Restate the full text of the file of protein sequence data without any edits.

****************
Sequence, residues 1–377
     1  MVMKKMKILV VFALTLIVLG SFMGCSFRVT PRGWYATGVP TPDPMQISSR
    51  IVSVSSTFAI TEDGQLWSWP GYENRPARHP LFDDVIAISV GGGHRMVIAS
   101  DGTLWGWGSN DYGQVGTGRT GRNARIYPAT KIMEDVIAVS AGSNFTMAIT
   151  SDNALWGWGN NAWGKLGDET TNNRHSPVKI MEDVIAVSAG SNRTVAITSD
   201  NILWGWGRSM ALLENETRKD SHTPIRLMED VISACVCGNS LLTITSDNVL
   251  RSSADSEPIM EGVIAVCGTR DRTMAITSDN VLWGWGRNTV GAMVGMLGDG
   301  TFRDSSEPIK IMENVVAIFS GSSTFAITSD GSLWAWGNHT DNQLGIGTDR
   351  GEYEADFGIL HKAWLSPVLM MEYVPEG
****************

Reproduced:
Sequence, residues 1–377
     1  MVMKKMKILV VFALTLIVLG SFMGCSFRVT PRGWYATGVP TPDPMQISSR
    51  IVSVSSTFAI TEDGQLWSWP GYENRPARHP LFDDVIAISV GGGHRMVIAS
   101  DGTLWGWGSN DYGQVGTGRT GRNARIYPAT KIMEDVIAVS AGSNFTMAIT
   151  SDNALWGWGN NAWGKLGDET TNNRHSPVKI MEDVIAVSAG SNRTVAITSD
   201  NILWGWGRSM ALLENETRKD SHTPIRLMED VISACVCGNS LLTITSDNVL
   251  RSSADSEPIM EGVIAVCGTR DRTMAITSDN VLWGWGRNTV GAMVGMLGDG
   301  TFRDSSEPIK IMENVVAIFS GSSTFAITSD GSLWAWGNHT DNQLGIGTDR
   351  GEYEADFGIL HKAWLSPVLM MEYVPEG